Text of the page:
December 22, 2016
An advertising agency friend recently challenged me that conversation research isn’t relevant to traditional advertising. “We focus on print, radio and TV, so that online stuff isn’t a primary concern.” Yes, I laughed and performed a hearty shaking of my head.
“So when consumers see those advertisements, what do you think they do next?” I replied.
“They either buy or they don’t.”
More furious head shaking.
“No, they go online to research. They talk to friends to see if someone knows more about that brand or has experience with them. They look for validation. In fact, I would argue that the online conversation is more important to purchase consideration than your ad in the first place (though they go hand-in-hand and one isn’t likely without the other).
So he asked me to prove conversation research would support traditional advertising. Even in a three-month-old company, I had a case study.
We were approached recently by a high-end home and lifestyle brand who had some suspicions about their advertising campaign. They didn’t think their messaging around quality and style was really resonating with consumers. Their campaign was developed on assumptions, not assertions and they felt like they’d guessed wrong.
So we analyzed what consumers were saying about their brand — when they turned to the social web to find out more about it — and discovered the brand’s suspicions were correct. The buying decision topics that emerged were almost completely focused on price. There were no (as in zero) conversations discussing quality and style.
Now, the presence of topics (or lack thereof) doesn’t an insight make. Deeper conversation research could yield more understanding of why. Were style and quality assumptions? Did those decision points even matter? Were they simply too high priced for consumers to focus on anything else?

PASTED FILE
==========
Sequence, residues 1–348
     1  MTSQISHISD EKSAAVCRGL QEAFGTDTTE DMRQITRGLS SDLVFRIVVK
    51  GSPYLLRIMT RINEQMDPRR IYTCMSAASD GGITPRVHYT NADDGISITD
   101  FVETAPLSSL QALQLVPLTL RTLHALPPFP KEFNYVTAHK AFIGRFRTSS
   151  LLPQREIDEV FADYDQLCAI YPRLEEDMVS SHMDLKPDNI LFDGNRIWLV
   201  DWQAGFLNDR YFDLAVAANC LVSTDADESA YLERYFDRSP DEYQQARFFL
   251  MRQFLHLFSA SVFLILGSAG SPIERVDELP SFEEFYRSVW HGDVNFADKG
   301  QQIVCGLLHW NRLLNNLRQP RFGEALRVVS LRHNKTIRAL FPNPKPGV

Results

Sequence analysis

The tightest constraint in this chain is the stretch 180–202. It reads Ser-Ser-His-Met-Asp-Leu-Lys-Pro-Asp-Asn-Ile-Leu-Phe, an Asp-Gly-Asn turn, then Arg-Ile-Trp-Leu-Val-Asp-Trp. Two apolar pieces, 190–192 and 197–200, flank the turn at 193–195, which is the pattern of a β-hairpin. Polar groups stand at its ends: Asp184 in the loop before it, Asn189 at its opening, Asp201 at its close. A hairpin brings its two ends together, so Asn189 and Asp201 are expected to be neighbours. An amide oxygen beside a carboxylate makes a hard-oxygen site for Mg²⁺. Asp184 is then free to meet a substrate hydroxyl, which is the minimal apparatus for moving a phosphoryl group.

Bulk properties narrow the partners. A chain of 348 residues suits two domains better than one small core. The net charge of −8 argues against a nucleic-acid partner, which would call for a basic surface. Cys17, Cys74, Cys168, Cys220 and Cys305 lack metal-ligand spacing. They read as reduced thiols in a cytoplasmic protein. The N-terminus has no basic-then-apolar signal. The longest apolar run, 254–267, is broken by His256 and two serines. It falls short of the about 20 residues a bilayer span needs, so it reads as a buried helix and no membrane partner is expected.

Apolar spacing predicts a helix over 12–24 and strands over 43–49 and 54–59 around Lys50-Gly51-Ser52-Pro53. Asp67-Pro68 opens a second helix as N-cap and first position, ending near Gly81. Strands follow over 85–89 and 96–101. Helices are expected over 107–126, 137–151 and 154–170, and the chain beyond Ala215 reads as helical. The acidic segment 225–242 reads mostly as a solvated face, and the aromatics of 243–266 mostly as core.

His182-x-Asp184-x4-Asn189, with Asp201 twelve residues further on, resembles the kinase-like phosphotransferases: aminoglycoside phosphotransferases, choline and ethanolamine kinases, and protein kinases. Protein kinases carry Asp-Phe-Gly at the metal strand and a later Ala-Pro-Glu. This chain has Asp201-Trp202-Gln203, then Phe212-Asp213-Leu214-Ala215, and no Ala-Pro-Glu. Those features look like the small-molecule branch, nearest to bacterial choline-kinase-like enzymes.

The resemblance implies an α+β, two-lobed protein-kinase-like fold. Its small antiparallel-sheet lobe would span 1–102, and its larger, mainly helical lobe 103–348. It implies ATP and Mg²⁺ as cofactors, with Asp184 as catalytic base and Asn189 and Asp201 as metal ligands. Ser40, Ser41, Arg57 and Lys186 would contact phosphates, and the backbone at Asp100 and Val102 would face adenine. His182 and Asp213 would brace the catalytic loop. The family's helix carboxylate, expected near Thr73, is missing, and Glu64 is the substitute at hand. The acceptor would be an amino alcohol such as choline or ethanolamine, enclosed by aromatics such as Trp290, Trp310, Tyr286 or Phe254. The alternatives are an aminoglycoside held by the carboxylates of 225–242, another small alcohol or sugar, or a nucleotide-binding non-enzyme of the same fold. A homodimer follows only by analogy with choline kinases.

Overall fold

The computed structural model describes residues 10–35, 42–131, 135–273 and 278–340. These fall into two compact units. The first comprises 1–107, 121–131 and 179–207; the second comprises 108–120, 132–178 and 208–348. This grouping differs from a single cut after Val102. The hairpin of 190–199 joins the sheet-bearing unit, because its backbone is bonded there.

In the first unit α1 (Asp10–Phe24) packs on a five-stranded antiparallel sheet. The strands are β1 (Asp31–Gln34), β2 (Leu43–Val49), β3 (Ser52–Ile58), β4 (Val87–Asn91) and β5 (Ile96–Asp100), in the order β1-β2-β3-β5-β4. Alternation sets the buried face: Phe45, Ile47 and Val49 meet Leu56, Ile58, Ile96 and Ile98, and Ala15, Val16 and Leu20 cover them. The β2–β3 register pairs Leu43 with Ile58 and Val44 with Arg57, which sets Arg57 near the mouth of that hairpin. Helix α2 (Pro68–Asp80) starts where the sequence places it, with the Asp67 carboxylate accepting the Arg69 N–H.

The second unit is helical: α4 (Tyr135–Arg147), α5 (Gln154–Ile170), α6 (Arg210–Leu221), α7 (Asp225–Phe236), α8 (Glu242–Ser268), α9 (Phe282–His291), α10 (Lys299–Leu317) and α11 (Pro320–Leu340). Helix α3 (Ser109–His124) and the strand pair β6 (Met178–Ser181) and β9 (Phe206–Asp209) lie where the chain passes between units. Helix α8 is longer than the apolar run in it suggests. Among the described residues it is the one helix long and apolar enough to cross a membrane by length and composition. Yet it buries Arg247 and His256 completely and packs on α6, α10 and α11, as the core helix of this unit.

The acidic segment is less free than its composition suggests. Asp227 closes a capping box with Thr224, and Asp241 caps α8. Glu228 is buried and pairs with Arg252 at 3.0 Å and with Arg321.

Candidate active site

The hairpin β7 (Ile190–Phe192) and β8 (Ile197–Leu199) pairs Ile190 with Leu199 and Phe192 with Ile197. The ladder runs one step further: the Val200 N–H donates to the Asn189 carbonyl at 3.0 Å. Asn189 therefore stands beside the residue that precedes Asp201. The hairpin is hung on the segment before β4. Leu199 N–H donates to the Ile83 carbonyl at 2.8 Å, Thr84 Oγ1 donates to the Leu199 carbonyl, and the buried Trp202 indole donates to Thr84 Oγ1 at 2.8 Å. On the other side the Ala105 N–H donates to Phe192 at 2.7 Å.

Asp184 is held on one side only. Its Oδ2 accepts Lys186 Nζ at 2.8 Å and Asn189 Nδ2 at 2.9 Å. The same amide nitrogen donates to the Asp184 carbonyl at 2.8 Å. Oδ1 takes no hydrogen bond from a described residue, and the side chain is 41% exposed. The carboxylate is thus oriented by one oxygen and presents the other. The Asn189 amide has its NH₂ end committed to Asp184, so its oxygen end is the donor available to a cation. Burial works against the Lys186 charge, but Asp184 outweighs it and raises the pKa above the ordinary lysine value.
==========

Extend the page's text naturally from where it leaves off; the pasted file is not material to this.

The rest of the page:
All of those questions made for a great follow-up research project.
The point to my friend was to say that conversation research supports traditional advertising many ways. Some include:
- Validating assumptions made without adequate consumer research
- Confirming consumer talking points about the product to focus one’s messaging
- Discovering tangential topics or qualities resonating with consumers the brand isn’t aware of
- Uncovering audience segments for better targeting that fall outside the brand designation of its target
And there’s more.
So how’s your advertising doing? Are you happy with the results? Does your messaging resonate with your audience? How do you know?
If you don’t, we can help. Drop us a line and we can chat about how.
November 16, 2016
There’s a spirits brand we’re familiar with at the Conversation Research Institute, not because they’re a client, but they’re a favorite for us when we break for a drink at the end of the week. Their marketing is not unlike other sprits brands in their category. It’s focused on tradition, heritage and quality. It’s aimed at men and of a particular status in life.
Honestly, you could take one of about two dozen brands in this category and put them in the same advertisements or even social media posts and, generally, the communications would work.
But we did some snooping around the conversation about the brand and found something interesting. The professions of the people who talk about the brand don’t exactly align with who the brand thinks they’re talking to.
Over the course of two months time, almost one fourth of the authors talking about the brand online listed themselves as artists. While certainly more research needs to be done to determine what type, what gender, how serious and the like, if you are targeting your messaging at male executives, does this data not give you pause?
Yes, 15 percent of the authors talking about the brand fall into the executive label. But the labels of “artist” “teacher” and even “journalist” add up to almost half of the online conversations about your brand, don’t you think segmenting and targeting them could result in more, bigger or better?
Conversation research isn’t just about finding sentiment and tone. It’s about uncovering insights about your brand that help you make critical marketing and business decisions. This particular brand of spirit is missing out on a huge content marketing or even targeting paid spend potential if they aren’t paying attention to the data that conversation research can unearth.
More can be had for your brand. Let us know if we can help.